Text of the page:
Children with Special Needs Have No Borders

children with special needs

Learning to Pause and Connect

The sense of excitement was palpable as I paused and took in the sight of over 500 people from 32 countries. I was honored to be invited as a key presenter at the World Autism Congress on November 11-13 in Kuwait City.  My talk was titled, “Autism in the Family, Getting the Big Picture: Insights, Experience, Intervention, and Research.”

There was calm and comfort in common cause and struggle as well as a sense of connection that families long for and treasure. I reflected in the profound truth that the special needs that come with autism have no borders.  This outpouring of parents and professionals came from the Middle East, Asia, Africa, Europe, North and South America.

The entire conference was bilingual, Arabic and English. In my work I often serve as an interpreter between parents and professionals.  Now I needed an interpreter when asked a question in Arabic or to hear a presentation in Arabic. As I met the passionate family members and professionals, I experienced first-hand that the human heart has no borders.

Presentations covered a wide range of topics from early diagnosis to adulthood including the progress in developing countries. My talk covered the lifelong process of living and loving your family member – changing what can be changed and finding serenity with what cannot be changed. It’s the journey to become our best selves both as individuals and as families.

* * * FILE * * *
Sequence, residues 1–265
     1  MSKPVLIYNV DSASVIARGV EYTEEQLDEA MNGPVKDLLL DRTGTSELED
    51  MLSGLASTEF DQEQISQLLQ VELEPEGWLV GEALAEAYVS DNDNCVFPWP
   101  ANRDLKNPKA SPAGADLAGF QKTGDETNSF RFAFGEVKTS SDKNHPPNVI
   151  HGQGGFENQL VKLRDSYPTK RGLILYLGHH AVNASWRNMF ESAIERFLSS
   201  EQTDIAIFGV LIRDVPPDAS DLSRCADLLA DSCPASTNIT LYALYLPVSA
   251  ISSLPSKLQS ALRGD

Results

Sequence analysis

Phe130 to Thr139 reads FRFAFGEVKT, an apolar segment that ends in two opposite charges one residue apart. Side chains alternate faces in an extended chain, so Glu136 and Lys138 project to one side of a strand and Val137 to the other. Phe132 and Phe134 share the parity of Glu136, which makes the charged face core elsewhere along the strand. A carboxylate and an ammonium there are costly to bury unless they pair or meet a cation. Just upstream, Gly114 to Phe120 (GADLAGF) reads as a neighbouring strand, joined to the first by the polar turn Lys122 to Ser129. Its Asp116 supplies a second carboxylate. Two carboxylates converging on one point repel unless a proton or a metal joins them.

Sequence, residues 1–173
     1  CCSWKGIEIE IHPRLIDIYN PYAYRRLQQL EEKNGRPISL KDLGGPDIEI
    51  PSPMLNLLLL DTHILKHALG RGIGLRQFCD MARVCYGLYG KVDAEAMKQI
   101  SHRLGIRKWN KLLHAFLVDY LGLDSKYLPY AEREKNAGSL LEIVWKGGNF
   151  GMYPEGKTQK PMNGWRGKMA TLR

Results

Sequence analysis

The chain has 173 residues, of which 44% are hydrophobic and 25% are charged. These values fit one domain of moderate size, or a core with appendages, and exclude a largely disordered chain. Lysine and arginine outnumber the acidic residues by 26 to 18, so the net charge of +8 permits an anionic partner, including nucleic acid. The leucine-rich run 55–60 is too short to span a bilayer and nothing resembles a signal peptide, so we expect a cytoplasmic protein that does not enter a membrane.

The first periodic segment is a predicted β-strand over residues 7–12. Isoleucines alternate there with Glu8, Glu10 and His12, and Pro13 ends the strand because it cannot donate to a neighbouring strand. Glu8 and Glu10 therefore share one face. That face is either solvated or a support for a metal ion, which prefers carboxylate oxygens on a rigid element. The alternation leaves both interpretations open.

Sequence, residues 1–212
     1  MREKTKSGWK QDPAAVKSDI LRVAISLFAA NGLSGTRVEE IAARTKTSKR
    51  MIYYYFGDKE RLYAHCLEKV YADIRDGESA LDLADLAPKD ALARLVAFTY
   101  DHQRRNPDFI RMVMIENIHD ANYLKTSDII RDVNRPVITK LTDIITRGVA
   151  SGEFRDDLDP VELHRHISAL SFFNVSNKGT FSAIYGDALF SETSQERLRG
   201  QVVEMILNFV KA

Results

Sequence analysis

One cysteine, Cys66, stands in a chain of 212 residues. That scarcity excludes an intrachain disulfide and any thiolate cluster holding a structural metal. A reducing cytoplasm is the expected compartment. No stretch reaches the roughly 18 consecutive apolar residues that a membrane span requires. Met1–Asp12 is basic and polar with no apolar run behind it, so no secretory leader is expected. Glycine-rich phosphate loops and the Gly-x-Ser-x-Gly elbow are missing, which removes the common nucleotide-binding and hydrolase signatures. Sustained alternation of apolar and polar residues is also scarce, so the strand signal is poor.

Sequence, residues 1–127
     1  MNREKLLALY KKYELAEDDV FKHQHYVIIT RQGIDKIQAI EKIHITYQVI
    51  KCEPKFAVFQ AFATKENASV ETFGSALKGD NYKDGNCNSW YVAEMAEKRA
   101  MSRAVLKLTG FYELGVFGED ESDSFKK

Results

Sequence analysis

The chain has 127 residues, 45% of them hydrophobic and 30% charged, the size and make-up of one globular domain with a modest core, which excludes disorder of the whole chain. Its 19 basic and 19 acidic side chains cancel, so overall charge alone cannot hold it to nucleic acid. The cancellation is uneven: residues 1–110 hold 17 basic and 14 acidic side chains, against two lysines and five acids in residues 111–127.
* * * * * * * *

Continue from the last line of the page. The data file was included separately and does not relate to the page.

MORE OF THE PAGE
The multinational audience enthusiastically embraced my most profound lesson from loving my son, Tariq that I wrote to him in a letter that he will never be able to read: “I tried so hard to change you, and in the end it was you who changed me. Instead of becoming the son I wanted you to be, you made me become the man I needed to be.”

The themes of family life which I heard at the conference mirror what I hear in the United States with a cultural twist added for spice. There is a world wide web of children and families. As the Lebanese philosopher and poet, Kahlil Gibran wrote “You are the bows from which your children as living arrows are sent forth.” We find common purpose and value in being and becoming our best selves.

 

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About Robert Naseef

Robert Naseef, Ph.D., speaks and writes in a singular voice as a psychologist and father of an adult son with autism. His latest book, Autism in the Family: Caring and Coping Together (2013) by Brookes Publishing includes advance praise from autism experts, parents, and people with autism such as Temple Grandin and Stephen Shore. Learn more about Robert at www.alternativechoices.com

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